One day a samurai came to see the Zen master Hakuin and asked him, “Is there truly a heaven and a hell?”
“Who are you?” the master asked.
“I am the samurai…”
“You, a soldier!” Hakuin exclaimed. “Just look at yourself. What lord would want you in his service? You look like a beggar.”
The man grew angry and drew his sword. Hakuin continued: “Oh, good, you even have a sword! But you are certainly too clumsy to cut my head off with it.”
Losing all self-control, the samurai raised his sword, ready to strike the master. At that very moment the latter spoke, saying “Here is where the gates to hell open.”
Surprised by the monk’s air of calm assurance, the samurai sheathed his sword and bowed before him.
“This is where the gates of heaven open,” the master then said.
* * *
That passage was just one of many in a lovely book J lent me after class last week: Martial Arts Teaching Tales. It’s a collection of short essays on some of the key concepts any teacher of martial arts most consider, such as “The Snare of Appearances” or “Winning Without Fighting”. Each essay is followed by a number of short tales like the one above.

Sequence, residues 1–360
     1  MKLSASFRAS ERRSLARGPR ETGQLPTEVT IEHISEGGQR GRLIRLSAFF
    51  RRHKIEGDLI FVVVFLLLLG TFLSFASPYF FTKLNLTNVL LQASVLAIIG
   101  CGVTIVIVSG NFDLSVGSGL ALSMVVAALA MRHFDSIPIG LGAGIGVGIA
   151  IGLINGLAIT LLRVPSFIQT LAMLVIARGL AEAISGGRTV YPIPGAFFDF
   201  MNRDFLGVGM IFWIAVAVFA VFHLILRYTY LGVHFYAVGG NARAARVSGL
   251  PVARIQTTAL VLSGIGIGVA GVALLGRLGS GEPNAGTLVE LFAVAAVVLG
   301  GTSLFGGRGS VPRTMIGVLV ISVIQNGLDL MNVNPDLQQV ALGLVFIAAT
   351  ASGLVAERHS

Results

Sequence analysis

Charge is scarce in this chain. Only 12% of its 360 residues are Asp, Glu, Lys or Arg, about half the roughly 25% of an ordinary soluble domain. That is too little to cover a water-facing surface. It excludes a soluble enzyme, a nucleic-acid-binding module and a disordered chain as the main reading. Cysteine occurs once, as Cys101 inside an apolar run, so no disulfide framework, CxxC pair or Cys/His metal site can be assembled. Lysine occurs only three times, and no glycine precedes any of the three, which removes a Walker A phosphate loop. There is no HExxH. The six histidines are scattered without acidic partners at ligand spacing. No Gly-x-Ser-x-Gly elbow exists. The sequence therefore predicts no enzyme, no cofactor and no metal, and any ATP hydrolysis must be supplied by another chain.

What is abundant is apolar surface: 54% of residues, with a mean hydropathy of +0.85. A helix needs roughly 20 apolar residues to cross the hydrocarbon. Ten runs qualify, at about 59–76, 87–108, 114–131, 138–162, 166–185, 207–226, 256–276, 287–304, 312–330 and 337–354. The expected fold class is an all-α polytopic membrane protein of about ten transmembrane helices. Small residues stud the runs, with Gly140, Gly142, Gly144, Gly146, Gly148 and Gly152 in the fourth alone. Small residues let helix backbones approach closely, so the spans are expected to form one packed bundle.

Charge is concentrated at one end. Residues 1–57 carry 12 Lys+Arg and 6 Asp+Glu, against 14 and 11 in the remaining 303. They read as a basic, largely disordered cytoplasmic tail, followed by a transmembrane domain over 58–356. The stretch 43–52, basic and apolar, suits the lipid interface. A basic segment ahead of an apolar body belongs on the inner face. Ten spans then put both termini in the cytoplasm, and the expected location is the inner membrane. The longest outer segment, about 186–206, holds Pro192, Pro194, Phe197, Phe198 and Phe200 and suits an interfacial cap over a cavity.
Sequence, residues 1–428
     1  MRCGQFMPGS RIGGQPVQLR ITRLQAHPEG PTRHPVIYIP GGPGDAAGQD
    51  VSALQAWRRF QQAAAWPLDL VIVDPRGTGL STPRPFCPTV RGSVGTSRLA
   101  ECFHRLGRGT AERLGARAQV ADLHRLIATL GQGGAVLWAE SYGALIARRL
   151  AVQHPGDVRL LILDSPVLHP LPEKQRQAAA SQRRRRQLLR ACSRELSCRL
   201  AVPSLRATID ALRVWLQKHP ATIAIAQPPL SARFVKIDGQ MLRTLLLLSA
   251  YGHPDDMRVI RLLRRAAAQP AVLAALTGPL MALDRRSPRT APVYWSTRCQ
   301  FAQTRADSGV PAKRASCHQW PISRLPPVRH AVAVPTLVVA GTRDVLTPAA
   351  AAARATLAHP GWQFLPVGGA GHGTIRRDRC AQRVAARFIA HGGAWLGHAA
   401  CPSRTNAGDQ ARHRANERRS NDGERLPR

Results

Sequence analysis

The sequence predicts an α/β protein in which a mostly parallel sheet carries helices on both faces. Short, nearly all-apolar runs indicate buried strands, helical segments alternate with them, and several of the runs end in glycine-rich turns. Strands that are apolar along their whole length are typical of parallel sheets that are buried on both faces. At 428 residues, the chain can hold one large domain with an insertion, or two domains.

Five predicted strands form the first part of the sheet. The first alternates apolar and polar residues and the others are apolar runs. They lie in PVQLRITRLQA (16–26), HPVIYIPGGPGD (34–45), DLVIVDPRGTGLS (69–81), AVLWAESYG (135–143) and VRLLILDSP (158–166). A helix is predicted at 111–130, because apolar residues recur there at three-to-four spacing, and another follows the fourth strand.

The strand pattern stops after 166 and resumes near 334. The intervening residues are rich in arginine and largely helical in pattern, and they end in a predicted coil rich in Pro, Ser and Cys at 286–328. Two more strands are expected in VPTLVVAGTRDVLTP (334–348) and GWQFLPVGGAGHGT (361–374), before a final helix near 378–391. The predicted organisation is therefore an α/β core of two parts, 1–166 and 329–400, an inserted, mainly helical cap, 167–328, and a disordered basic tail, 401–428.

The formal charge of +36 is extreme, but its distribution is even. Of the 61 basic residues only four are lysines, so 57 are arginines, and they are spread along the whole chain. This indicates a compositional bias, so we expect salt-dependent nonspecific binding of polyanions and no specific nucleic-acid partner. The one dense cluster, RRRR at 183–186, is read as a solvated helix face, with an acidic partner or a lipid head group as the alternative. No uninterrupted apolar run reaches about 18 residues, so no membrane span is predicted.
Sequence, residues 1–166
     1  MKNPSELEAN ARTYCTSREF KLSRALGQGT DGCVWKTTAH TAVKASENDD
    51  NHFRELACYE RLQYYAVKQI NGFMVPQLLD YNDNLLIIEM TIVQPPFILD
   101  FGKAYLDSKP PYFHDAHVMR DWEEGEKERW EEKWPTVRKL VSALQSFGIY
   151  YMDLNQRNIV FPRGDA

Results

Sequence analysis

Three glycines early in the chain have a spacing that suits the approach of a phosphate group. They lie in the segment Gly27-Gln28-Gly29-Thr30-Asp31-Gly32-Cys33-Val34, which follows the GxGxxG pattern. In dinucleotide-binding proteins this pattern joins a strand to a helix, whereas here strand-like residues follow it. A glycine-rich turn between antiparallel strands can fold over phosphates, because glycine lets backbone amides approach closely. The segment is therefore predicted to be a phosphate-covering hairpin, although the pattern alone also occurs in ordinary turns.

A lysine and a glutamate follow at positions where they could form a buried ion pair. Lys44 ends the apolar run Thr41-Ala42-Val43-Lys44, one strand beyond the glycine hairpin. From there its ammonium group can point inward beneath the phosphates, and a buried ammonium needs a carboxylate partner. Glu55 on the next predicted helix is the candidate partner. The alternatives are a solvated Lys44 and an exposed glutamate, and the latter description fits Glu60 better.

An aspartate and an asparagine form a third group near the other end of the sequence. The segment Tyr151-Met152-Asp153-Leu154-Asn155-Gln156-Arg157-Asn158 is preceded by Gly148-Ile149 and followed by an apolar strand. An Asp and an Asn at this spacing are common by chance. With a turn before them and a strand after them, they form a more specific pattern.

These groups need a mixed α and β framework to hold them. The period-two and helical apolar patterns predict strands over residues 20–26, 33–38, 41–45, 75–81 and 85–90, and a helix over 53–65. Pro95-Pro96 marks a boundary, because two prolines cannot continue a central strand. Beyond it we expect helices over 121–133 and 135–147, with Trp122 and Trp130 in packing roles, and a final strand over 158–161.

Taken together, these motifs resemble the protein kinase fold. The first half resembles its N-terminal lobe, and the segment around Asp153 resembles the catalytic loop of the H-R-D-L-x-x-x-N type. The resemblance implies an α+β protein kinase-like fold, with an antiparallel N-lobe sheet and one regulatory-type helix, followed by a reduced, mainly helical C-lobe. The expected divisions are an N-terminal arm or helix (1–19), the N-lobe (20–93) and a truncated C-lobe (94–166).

Some are familiar — the story of Bokuden and the insolent samurai on the ferry, or the teachings of the venerable old ratcatcher (also picked up in The Demon’s Sermon on the Martial Arts) — but many of the tales here were new to me, and all are well-told. Short, to the point and without commentary, challenging the reader to confront and understand them.
There are many stories of untouchable masters who are able to avoid every blow, who cannot be defeated, and a shallow sort of understanding might come away thinking that this book puts forward the notion that becoming Superman is the point of studying martial arts. But I have found myself engaged in very few swordfights over the course of my life. Very few moments of life-and-death violence. So why study? Why read a book that lists one master after another effortlessly defeating thoughtless challengers?
Because to practice is to take action on the belief that you can transform yourself. And not by getting a better job, or a cuter girlfriend, or by winning the big game. These rewards are denied a follower of kenjutsu (these days, anyway. SIGH). But simply by submitting yourself to something bigger than you — something that has no ulterior motive, asks nothing from you, that just exists, and by existing, challenges you to confront it. These stories are all like that. They want nothing from me, and if I turn away from them, they still exist. Just like the endless kata of Katori Shinto Ryu. But if I face them, and push myself to confront them, they open up within me gate after gate.
And they help me to see that at every moment, in every challenge I face, there are gates I can choose to open.